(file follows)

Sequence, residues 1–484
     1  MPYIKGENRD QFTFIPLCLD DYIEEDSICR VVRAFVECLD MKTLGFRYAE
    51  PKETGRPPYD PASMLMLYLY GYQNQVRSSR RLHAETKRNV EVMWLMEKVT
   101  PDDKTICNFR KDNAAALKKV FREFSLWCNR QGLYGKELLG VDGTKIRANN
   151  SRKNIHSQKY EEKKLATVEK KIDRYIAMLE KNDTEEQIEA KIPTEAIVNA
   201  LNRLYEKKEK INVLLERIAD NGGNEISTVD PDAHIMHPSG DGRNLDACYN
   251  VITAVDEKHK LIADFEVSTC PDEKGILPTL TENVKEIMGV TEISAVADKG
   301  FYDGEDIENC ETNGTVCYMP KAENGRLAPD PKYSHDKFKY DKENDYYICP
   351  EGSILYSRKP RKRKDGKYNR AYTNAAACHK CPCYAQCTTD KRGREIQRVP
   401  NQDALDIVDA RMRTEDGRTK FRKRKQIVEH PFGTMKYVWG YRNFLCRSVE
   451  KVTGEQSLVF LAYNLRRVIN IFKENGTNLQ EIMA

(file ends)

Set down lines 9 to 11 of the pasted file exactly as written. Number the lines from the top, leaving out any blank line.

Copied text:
   351  EGSILYSRKP RKRKDGKYNR AYTNAAACHK CPCYAQCTTD KRGREIQRVP
   401  NQDALDIVDA RMRTEDGRTK FRKRKQIVEH PFGTMKYVWG YRNFLCRSVE
   451  KVTGEQSLVF LAYNLRRVIN IFKENGTNLQ EIMA